SI swimsuit models vie with Swiss scenery

The scenery couldn’t be better: the medieval chateau of Chillon, the waters of Lake Geneva and, lolling on a rock in the foreground, bikini-clad model Kate Bock.

SI swimsuit models vie with Swiss scenery
Kate Bock in front of the celebrated chateau of Chillion. Photo: yu Tsai/Sports Illustrated

Bock and another skimpily attired model posed for photos in and around the lake for American magazine Sports Illustrated’s 50th anniversary swimsuit issue.

The annual issue, described by Vanity Fair as a cash register in the shape of a girl, went on sale on Tuesday, annoying feminists but pleasing others, including the canton of Vaud’s tourist office.

The office and Switzerland Tourism rolled out the red carpet for the magazine when it sent its photography team and cast of bikinied models to Switzerland for six days last August for on-location shooting.

“This project is a unique opportunity to present at a large-scale international level some of our major sites, such as the chateau of Chillon and Lavaux (the Unesco-designated vineyard area overlooking Lake Geneva),” Andreas Banholzer, director of the Vaud tourist office said in a news release issued on Tuesday.

An estimated 70 million readers of the swimsuit issue, published between the American football and baseball seasons, will see glimpses of Lake Geneva scenery — behind the bathing belles at the centre of attention.

Bock, from Canada, and Genevieve Morton, a model from South Africa, posed in the town of Vevey, in the vineyards of Lavaux and on the shores of the lake and in boats on the water.

Morton even provocatively posed topless, with one arm strategically placed to avoid revealing too much, on a sailboat in the middle of the lake with the Vaud Alps in the background.

Meanwhile, near Zermatt, American Emily DiDenato modeled a two-piece swimsuit in front of Switzerland’s iconic Matterhorn.

The issue features the likes of Kate Upton, Tyra Banks and Christie Brinkley who posed for shots elsewhere, in such places as the Cook Islands.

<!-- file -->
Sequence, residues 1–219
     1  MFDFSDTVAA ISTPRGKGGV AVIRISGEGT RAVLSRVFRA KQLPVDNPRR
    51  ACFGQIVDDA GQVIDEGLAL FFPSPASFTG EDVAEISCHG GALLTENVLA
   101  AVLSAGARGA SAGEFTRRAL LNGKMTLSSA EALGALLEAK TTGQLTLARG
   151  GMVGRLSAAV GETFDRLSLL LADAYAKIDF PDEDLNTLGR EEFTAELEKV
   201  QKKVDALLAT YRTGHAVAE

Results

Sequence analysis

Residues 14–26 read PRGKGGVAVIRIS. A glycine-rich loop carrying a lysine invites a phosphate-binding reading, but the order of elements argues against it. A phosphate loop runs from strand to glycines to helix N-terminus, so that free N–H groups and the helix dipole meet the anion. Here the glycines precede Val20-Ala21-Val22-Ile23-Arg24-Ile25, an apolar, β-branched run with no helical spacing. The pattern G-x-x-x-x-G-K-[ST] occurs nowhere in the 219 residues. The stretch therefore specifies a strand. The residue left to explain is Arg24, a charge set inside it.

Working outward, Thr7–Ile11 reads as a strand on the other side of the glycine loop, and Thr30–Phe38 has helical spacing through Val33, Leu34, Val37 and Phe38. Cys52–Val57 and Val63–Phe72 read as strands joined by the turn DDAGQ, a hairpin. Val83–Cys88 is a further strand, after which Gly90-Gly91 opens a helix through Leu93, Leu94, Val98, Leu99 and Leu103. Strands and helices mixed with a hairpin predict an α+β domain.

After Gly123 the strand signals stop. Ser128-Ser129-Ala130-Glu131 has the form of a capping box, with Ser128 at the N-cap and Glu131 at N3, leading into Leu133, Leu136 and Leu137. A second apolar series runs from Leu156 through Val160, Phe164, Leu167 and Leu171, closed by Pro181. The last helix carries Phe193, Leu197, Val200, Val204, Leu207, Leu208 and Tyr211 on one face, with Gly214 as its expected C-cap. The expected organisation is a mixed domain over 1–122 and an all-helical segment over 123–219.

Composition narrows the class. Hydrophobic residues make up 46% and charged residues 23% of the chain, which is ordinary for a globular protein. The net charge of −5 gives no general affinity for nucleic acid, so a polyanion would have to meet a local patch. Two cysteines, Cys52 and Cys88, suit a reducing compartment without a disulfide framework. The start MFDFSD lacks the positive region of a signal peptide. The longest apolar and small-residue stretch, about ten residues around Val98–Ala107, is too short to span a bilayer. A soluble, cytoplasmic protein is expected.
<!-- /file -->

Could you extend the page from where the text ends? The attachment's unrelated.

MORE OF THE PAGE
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IN PICTURES: Runners take on Swiss glacier race despite melt

Hundreds of runners braved a lung-busting ascent into the Alps in Switzerland's Glacier 3000 Run on Saturday, albeit on a shortened course due to summer heatwaves melting the ice.

IN PICTURES: Runners take on Swiss glacier race despite melt

The event’s 14th edition was back without limitations after being cancelled in 2020 due to Covid-19 and run in 2021 with restrictions imposed due to the pandemic.

The race is normally run over 26.2 kilometres but was contested on a slightly modified 25.2km course this year due to the glacier melting, with the last pass over its surface shortened.

Runners make their way under a ski lift  on the glacier run in Switzerland

Runners make their way under a ski lift during the last kilometres of the Glacier 3000 run. (Photo by Fabrice Coffrini / AFP)

“The accelerated melting of the top layer of the glacier has created a camber and a soft layer which the runner sinks into,” said race director Oliver Hermann.

“Rather than intervening to flatten the track, we preferred to deviate the course.”

Runners on last stretch of Switzerland's glacier run

On the final stretch of this year’s shortened course. (Photo by Fabrice Coffrini / AFP)

The finish line is 1,886 metres higher than the start, at nearly 3,000 metres up in the mountains by the Scex Rouge peak.

READ ALSO: Heatwaves close off classic Swiss and Italian Alpine hiking routes

The route begins in the jet-set ski resort town of Gstaad, at 1,050 metres above sea level.

It passes through forests, green mountain pastures before heading into rocky lunar-like landscapes and taking in the Tsanfleuron Glacier.

The course follows the Saane river upstream for 15 km before climbing up 1,800 metres over the remaining 10 km to the finish line — at an altitude of 2,936 metres.

A couple hold their hands while walking on the melting Tsanfleuron Glacier above Les Diablerets

A couple hold hands while walking on the melting Tsanfleuron Glacier above Les Diablerets, where the Glacier 3000 Run took place on August 6th. (Photo by Fabrice Coffrini / AFP)

Some 311 men and 98 women completed the individual course, while 50 two-person teams also took part.

READ ALSO: Why Switzerland’s glaciers are melting faster than usual this summer

The first man to finish was Kenyan competitor Geoffrey Ndungu in two hours and 17 minutes. He had finished in second place last year.

He was followed by compatriot Abraham Ebenyo Ekwam in 2:21 and then Switzerland’s Jonathan Schmid in 2:23.

Victoria Kreuzer was the first woman to finish, in 2:46, ahead of Nicole Schindler and Pascale Rebsamen — a Swiss clean sweep.